Avoiding Liability When One Tenant Violates Another's Exclusive
Q: Two tenants at the shopping center I own are currently in a dispute about who has the right to sell a certain product. A toy store tenant signed a lease with an exclusive use clause that gives it the right to be the only tenant in the center that sells toys. A variety store signed a lease that allows it to sell various items for entertainment. It was made aware at the time of the lease signing that the toy store had an exclusive right to sell toys, and it signed the lease nonetheless. However, several months later the variety store wanted to sell toys. It approached me about asking the toy store tenant to waive its exclusive, allowing both stores to carry toys. The toy store informed me that it would not waive its right and it renewed its lease with the same exclusive use clause. The variety store subsequently began selling toys. Now the toy store is asking a court for an injunction—that is, a court order prohibiting the variety store from selling toys. Which tenant is likely to prevail, and will I be on the hook for the dispute because I asked the toy store to waive its right?
A: You probably won't be blamed for the variety store’s decision to violate the exclusive for two reasons: (1) you made the variety store aware of the fact that the exclusive existed prior to signing its lease; and (2) it was a unilateral decision for the variety store to sell toys even after you informed it that the right wouldn’t be waived. Merely asking the toy store to waive its right doesn’t put you in jeopardy.
A case decided in Pennsylvania dealt with this issue—and involved a waiver request from the landlord—sheds some light on the likelihood of such a tenant being granted an injunction. There, a pharmacy sought an injunction to prevent a grocery store from opening a pharmacy department in the shopping center in which both parties leased storefronts.
The pharmacy signed a lease with exclusive rights to operate a pharmacy in the shopping center. The grocery store was made aware of the restrictive covenant when it signed a lease. Upon its expiration, the pharmacy signed a new lease with substantially the same terms. At the request of the grocery store, the landlord’s agent requested that the pharmacy waive its exclusive rights, and it refused. It appeared that the grocery store’s decision to open a pharmacy department was a unilateral one.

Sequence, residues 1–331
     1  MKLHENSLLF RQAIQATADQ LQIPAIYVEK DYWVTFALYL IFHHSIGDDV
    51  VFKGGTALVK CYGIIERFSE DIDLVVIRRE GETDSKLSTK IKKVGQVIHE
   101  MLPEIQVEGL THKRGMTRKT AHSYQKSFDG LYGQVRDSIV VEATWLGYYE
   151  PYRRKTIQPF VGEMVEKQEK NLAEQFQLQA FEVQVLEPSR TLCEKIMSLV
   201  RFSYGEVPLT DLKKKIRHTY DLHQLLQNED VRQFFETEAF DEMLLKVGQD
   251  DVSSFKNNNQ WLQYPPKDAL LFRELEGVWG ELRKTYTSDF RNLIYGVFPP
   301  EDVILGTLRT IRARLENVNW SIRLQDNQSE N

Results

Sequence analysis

The court examined the restrictive use covenants in the commercial leases and determined that the exclusive business clauses used by both parties were clearly expressed, explicit, and not overly broad. The court granted a “preliminary” injunction because it found that: (1) there was a strong likelihood of success on the pharmacy’s request for a final injunction; (2) the pharmacy was being irreparably harmed by the grocery store’s disregard of its exclusive rights; (3) the grocery store would suffer relatively minor and self-inflicted harm from an injunction; and (4) public interest would not be harmed by the cessation of the grocery store’s pharmacy department business. The court directed the grocery store to cease operations of its pharmacy department at the shopping center.
The court noted that when a tenant of the landlord at a shopping center knowingly violates an exclusive use provision in another tenant’s lease, and knows that the holder of the exclusive refuses to relinquish its rights voluntarily, the subsequent tenant’s wounds “are self-inflicted, and will not garner much judicial sympathy.”
It continued that, “any harm that might accrue to [the grocery store] by the granting of the preliminary injunction, being self-inflicted and in disregard of the [pharmacy’s] persistent refusal to waive its exclusive pharmacy rights, does not approach the harm that would befall the [pharmacy] if the preliminary injunction is withheld [J.C. Penney Co. v. Giant Eagle, Inc., February 2018].